tickle
Pronunciation
  • IPA: /ˈtɪkl̩/
Noun

tickle (plural tickles)

  1. The act of tickling.
  2. An itchy feeling resembling the result of tickling.
    I have a persistent tickle in my throat.
  3. (cricket, informal) A light tap of the ball.
  4. (Newfoundland) A narrow strait.
    • 2004, Richard Fortey, The Earth, Folio Society 2011, p. 169:
      Cow Head itself is a prominent headland connected to the settlement by a natural causeway, or ‘tickle’ as the Newfoundlanders prefer it.
Translations
  • Russian: щеко́тка
Verb

tickle (tickles, present participle tickling; past and past participle tickled)

  1. (transitive) To touch repeatedly or stroke delicately in a manner which causes laughter, pleasure and twitching.
    He tickled Nancy's tummy, and she started to giggle.
    • c. 1596–1598, William Shakespeare, “The Merchant of Venice”, in Mr. William Shakespeares Comedies, Histories, & Tragedies: Published According to the True Originall Copies (First Folio), London: Printed by Isaac Iaggard, and Ed[ward] Blount, published 1623, OCLC 606515358 ↗, [Act III, scene i]:
      If you tickle us, do we not laugh?
  2. (transitive) To unexpectedly touch or stroke delicately in a manner which causes displeasure or withdrawal.
    A stranger tickled Nancy's tummy, causing her to scream in fear.
  3. (intransitive, of a body part) To feel as if the body part in question is being tickled.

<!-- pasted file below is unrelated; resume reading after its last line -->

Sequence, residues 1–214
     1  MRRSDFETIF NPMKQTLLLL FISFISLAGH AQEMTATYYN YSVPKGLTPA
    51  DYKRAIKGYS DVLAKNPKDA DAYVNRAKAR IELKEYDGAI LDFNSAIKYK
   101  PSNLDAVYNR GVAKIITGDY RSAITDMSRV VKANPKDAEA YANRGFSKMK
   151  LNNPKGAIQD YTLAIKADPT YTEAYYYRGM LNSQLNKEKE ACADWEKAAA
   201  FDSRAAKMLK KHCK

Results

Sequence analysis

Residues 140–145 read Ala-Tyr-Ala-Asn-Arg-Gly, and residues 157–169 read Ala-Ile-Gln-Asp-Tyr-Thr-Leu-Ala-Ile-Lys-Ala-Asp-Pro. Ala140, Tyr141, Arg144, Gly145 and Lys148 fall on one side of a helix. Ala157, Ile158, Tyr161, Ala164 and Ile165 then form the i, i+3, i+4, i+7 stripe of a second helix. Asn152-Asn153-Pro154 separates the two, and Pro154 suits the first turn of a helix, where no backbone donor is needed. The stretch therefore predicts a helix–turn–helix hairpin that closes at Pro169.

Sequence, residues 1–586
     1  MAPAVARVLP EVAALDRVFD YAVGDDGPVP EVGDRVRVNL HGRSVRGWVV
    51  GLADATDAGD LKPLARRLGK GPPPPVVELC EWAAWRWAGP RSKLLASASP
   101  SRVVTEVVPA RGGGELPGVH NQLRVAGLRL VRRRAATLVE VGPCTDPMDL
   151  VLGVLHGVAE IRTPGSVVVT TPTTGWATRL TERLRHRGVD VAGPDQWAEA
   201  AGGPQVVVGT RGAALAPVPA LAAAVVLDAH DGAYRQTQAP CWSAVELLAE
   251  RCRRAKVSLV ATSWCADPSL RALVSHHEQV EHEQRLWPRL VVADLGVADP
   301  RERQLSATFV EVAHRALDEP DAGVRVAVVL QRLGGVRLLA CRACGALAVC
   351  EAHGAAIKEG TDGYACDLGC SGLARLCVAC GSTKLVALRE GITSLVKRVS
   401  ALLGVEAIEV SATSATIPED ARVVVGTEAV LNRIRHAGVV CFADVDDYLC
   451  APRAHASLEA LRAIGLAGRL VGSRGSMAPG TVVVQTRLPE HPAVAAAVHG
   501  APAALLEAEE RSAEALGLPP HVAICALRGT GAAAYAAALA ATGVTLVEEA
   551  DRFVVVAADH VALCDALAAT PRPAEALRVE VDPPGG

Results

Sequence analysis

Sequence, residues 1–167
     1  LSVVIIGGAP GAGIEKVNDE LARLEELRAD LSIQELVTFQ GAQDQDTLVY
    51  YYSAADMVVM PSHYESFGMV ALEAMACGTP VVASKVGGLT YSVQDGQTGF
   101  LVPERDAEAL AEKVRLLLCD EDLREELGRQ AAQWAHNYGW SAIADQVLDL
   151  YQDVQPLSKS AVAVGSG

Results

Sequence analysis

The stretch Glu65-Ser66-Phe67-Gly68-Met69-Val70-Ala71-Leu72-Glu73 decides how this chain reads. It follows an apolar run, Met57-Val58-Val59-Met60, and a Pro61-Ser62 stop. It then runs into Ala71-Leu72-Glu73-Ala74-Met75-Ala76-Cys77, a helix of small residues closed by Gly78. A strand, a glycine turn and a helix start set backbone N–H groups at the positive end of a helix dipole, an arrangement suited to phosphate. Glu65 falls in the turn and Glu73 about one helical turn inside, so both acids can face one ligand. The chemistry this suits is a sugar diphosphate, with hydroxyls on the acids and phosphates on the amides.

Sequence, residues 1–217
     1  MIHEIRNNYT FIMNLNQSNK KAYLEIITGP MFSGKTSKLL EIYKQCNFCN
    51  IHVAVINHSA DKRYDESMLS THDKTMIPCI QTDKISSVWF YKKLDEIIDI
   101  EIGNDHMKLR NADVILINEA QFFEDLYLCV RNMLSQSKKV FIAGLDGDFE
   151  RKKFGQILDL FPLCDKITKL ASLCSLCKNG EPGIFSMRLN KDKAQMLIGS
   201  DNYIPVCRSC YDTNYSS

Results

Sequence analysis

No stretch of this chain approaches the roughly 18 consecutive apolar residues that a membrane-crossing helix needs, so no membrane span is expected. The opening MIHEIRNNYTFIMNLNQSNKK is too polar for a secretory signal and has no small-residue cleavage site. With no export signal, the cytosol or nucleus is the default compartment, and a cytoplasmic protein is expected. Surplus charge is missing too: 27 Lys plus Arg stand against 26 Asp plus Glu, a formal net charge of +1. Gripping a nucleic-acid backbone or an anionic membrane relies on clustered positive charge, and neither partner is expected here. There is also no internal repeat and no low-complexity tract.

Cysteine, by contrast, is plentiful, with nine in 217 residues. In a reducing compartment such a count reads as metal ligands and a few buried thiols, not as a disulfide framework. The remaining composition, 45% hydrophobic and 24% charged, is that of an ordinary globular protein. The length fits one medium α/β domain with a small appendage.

My nose tickles, and I'm going to sneeze!
  4. (transitive) To appeal to someone's taste, curiosity etc.
  5. (transitive) To cause delight or amusement in.
    He was tickled to receive such a wonderful gift.
    • c. 1608–1609, William Shakespeare, “The Tragedy of Coriolanus”, in Mr. William Shakespeares Comedies, Histories, & Tragedies: Published According to the True Originall Copies (First Folio), London: Printed by Isaac Iaggard, and Ed[ward] Blount, published 1623, OCLC 606515358 ↗, [Act I, scene i]:
      Such a nature / Tickled with good success, disdains the shadow / Which he treads on at noon.
  6. (intransitive) To feel titillation.
    • He with secret joy therefore / Did tickle inwardly in every vein.
  7. (transitive) To catch fish in the hand (usually in rivers or smaller streams) by manually stimulating the fins [often illegal]
  8. (archaic) To be excited or heartened.
Synonyms Translations Adjective

tickle

  1. Changeable, capricious; insecure.
    • 1590, Edmund Spenser, The Faerie Queene, III.4:
      So ticle be the termes of mortall state, / And full of subtile sophismes, which do play / With double senses, and with false debate [...].

Tickle
Proper noun
  1. Surname



This text is extracted from the Wiktionary and it is available under the CC BY-SA 3.0 license | Terms and conditions | Privacy policy 0.008
Offline English dictionary